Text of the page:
Getting your business off the ground will be a lot easier if you have a good understanding of marketing and self-promotion. Flyering can be a great way to do this, as it targets your local area, and with 5,000 flyers professionally printed costing you around £100, it’s a fairly affordable way of reaching customers.
Lastly, your success is dependant on your interpersonal skills. An ability to network and negotiate with customers and local animal industry is vital. Being friendly is important but being professional is vital. Your clients may well try to negotiate price, be clear on your pricing and whether you have any wiggle room, otherwise you may be caught off guard and end up working for substantially less than you had hoped.
Rules and Regulations
There are relatively few regulations specifically targeted at dog walkers, but public liability insurance is a must. If you’re around the public a lot (which you will be), public liability can help you cover fall out from incidents. For example, a member of the public might trip over your lead and injury themselves or a client might claim something was broken as you collected the dog.
You might also want to consider business legal protection and protecting dogs against injury or illness under your public liability insurance.
Its not compulsory, it might be wise to join the trade association, the National Association of Pet Sitters and Dog Walkers (NARPS). They offer support and advice on dog walkers’ insurance and training, not to mention your membership will give your clients confidence.
To ensure you abide by key regulations, NARPS suggests you should:
• Meet owners before the first booking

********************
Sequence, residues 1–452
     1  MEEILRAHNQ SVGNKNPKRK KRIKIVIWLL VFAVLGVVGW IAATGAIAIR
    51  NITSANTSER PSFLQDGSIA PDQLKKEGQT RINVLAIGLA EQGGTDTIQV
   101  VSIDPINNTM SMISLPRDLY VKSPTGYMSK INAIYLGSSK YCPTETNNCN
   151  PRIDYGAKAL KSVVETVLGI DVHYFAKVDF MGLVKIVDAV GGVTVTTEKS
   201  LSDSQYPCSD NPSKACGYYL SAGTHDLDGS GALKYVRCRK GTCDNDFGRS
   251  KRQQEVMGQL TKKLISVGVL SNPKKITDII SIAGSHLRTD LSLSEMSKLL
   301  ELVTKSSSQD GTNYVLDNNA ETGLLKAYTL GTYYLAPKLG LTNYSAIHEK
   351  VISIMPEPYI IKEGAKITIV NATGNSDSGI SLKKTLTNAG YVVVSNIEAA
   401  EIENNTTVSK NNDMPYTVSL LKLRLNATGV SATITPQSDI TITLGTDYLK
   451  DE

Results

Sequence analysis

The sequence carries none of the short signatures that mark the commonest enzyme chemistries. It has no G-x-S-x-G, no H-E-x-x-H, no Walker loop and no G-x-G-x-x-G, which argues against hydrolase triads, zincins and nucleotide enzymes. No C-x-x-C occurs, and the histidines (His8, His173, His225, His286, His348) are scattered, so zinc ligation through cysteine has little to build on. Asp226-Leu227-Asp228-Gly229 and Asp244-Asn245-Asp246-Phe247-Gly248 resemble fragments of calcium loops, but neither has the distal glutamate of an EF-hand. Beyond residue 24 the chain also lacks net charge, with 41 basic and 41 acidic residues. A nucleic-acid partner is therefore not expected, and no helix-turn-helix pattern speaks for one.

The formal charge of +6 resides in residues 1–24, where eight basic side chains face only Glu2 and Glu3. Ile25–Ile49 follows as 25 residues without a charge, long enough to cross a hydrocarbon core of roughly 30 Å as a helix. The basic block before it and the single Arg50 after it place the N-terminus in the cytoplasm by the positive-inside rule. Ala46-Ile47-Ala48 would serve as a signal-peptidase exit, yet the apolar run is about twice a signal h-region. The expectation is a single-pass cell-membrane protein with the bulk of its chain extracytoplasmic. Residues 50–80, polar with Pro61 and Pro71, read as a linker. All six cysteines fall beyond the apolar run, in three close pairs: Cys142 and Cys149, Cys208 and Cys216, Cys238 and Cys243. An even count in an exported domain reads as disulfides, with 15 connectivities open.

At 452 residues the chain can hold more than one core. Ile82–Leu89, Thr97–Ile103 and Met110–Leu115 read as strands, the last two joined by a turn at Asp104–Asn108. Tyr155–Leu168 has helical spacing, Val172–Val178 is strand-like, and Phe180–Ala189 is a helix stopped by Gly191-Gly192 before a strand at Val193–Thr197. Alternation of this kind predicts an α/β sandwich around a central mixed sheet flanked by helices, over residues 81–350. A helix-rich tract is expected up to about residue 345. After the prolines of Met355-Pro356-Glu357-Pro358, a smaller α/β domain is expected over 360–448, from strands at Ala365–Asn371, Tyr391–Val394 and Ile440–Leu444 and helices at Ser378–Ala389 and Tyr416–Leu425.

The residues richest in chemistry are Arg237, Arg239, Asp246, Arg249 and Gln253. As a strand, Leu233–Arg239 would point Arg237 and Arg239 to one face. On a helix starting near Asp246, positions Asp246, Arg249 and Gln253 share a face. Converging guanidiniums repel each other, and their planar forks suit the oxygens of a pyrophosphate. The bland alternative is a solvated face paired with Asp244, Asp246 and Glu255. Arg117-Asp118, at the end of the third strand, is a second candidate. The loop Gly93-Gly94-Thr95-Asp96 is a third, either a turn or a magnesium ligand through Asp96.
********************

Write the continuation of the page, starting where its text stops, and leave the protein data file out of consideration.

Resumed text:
• Keep the number of dogs walked at one time to no more than four
• Keep records of all work undertaken
• Protect clients’ personal information
It’s also worth remembering that all dogs in public must wear a collar, carrying the owners name and address and that you could be fined up to £1,000 for failing to clean up faeces.
It’s not glamourous but it’s really important that you keep up to date with the latest rules and regulations, this way you’ll ensure the good reputation of your business and make sure no one gets hurt.
Find Your Niche
Dog walking businesses are a popular and new ones will spring up all the time. It’s advisable to find a niche, distinguishing you from the crowd.
The first, and probably most important, thing to do is carry out market research and assess whether there is room in your area for another dog walker. A simple google search will do the trick, or you could contact NarpsUK.
Consider offering a pet sitting service as well as dog walking. Having a diploma in pet medication will allow you to cater to a specific group of dogs, widening your appeal.
Assuming that you are properly trained, you might also consider offering a grooming service, for example, hair cutting or washing. Some dogs will require a more strenuous workout, you could market yourself as a dog runner instead.
For other great ideas on starting a pet related business, check out ‘Pet business ideas for animal lovers‘.